this is the “brainless” part Chris describes—it just gives “an answer.” It does not engender interactions with experimentalists—there is no tradition of the back-and-forth between theory and experiment that drives scientific fields forward. Finally, there is no sense of generalization, although the MD world would say this is nonsense because it is the most general of techniques- Top Listings
I love reading your blog..And I'm amazed with the information that's new for me.
Thanks a lot Anthony.. - Nickets
OK. You're heretical. Fortunately, in this century I think this won't get you burned at the stake!
Here's what Shrodinger is going to do with the money (excerpted from: http://www.schrodinger.com/new...
"First, additional resources will be allocated to existing projects that we view as critical, such as induced fit docking and scoring function development. Next, we will create novel tools for ADME prediction and modeling GPCRs, both of which will require major new research efforts with a long term commitment. Finally, we intend to develop a database of protein-ligand interactions, which will represent a significant advancement over currently available commercial products."
Little described above can actually be described as science unless they are going to do some experiments....
I believe that physics does probably hold the answer. However, in the 'old physics' ways, there was a competition between the experimentalists and the theoreticians. Right now, at least in the "practical" world of drug discovery, the game isn't even close, so the experimentalists generally aren't worried about challenging what the theoreticians say, since A) They lose so infrequently and B) Regardless of the "sophistication" of any model, only the experiment will be used to make a high stake decision. I hope the biotech/drug industry can get better at providing more meaningful data in the future.
Until physics allows us to see 'the answer', demonstrable usefulness is a noble goal. Good Luck! (you have 1770 days left) - CSage
I believe Physics to be the queen of all sciences! - Custom Essay
I couldn't agree more. $10M would buy a lot of useful experiments. SAMPL3 (August 1st 2011) does have some real, live experimental data not yet published- but even this is not the back and forth between experiment and theory that the field really needs. 1768 days to go. - Ant
What's the matter with you people? I *know* you don't (all) agree with me. I really won't hunt you down. Probably. - Ant
I believe a good idea explains what you intended it to.
It is a good idea to get enough rest each night. It explains why we can function well on a daily basis. (of course other factors need be satisfied as well, but getting no sleep for three straight nights will not allow you to function well). Getting enough sleep may *also* explain more beneficial advantages. But even if it doesn't that doesn't mean it's a bad idea.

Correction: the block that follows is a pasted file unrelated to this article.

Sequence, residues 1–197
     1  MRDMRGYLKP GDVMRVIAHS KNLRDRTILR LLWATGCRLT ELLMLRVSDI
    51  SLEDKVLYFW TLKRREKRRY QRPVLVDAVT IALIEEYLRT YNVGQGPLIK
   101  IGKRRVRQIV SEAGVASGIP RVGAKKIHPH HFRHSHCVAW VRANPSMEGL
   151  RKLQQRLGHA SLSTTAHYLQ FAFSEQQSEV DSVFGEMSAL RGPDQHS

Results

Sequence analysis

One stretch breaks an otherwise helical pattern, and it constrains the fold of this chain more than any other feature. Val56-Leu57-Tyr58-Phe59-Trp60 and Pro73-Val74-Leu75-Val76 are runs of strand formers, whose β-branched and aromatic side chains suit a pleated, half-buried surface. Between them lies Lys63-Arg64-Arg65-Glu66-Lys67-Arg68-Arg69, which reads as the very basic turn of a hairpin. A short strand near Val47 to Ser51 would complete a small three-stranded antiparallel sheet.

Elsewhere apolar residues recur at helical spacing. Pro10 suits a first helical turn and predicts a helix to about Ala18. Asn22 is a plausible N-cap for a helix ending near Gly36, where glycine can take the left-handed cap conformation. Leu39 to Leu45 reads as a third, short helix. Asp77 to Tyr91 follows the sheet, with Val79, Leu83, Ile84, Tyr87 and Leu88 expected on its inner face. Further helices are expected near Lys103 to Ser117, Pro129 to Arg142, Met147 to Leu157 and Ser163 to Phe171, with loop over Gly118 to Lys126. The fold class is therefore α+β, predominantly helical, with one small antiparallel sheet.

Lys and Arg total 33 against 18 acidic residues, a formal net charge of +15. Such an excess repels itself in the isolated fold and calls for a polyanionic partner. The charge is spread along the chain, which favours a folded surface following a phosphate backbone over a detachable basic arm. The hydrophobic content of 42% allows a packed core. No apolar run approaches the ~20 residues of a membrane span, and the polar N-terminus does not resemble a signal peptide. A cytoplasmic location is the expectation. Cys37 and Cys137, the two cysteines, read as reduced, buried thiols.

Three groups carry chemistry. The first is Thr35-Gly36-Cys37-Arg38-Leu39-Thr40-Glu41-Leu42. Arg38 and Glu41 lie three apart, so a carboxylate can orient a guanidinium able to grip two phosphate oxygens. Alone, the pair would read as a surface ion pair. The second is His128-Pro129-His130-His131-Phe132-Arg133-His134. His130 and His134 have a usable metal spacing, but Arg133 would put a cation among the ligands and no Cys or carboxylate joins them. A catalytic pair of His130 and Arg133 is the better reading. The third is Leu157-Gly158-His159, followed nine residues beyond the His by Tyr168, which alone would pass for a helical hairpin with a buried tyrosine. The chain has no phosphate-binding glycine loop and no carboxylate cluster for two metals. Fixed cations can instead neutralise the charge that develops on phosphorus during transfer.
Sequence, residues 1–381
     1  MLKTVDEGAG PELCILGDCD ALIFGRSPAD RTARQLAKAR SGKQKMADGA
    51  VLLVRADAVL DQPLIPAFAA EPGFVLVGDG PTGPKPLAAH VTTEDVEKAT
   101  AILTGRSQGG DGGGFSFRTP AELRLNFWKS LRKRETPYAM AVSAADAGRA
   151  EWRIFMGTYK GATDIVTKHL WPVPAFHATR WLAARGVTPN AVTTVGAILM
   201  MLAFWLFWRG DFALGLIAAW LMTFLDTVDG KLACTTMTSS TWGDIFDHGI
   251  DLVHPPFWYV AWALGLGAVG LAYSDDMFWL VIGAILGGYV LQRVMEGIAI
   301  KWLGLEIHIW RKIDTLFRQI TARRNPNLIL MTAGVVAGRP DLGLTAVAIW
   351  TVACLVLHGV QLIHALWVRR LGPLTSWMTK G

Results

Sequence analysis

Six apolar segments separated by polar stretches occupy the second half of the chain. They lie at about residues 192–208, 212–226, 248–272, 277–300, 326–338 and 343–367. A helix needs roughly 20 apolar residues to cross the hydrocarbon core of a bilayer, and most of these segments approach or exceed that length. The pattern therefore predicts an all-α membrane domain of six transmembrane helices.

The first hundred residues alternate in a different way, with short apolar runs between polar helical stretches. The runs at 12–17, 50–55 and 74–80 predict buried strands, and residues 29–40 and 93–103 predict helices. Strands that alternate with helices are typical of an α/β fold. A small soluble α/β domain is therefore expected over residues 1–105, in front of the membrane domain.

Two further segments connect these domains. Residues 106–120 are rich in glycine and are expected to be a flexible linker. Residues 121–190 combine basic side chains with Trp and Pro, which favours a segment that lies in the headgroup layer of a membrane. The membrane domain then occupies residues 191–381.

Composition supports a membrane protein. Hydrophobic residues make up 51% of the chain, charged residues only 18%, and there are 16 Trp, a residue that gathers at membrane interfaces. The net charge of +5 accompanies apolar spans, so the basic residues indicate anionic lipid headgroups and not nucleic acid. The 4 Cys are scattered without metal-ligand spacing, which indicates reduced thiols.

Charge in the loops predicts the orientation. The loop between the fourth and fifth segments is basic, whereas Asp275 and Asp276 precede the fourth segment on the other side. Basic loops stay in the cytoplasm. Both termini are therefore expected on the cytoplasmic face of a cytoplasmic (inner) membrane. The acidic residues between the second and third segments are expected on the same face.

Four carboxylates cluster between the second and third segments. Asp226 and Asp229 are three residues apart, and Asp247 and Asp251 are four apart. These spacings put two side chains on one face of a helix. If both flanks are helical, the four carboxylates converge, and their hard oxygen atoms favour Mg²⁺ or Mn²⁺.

It's a good idea to eat too. If we don't we will die.
Running MD is often a good idea when I need limited sampling and can trust it to do a good job of say allowing sidechain exploration in the local environment of a protein/ligand complex. I can trust the results it generates more than most of the rotamer library databases which know nothing of the local environment. MD is not necesarily better than MC but it does work well. And so it is a good idea.
Not all good ideas are the best ideas. And not all good ideas have to explain more than they are intended to.
For a given sidechain motion, there can be other better methods for sampling. But as long as MD gives me reasonable results in a matter of 1-2 minutes it is good enough. Limited MD in my project support has often prospectively predicted previously unseen protein loop and sidechain movement, with subsequent corroboration by crystallography. (And even in cases where there has not yet been experimental validation, the ideas are still useful. If you play the lottery and win $1000 for every $100 spent and lose 90% of the time, it's still a good financial decision for you to buy those tickets).
And the same MD has prospectively predicted accurate folding times for small proteins. Is that not generalisable?
What percent of instances does it need to work in for you to call it generalisable?
Generalisability should not mean it has to succeed in every single case.
You've defined your ideology of what a good idea is. And maybe MD does not meet those criteria. I submit that you are too restrictive on what makes an idea (or method) good.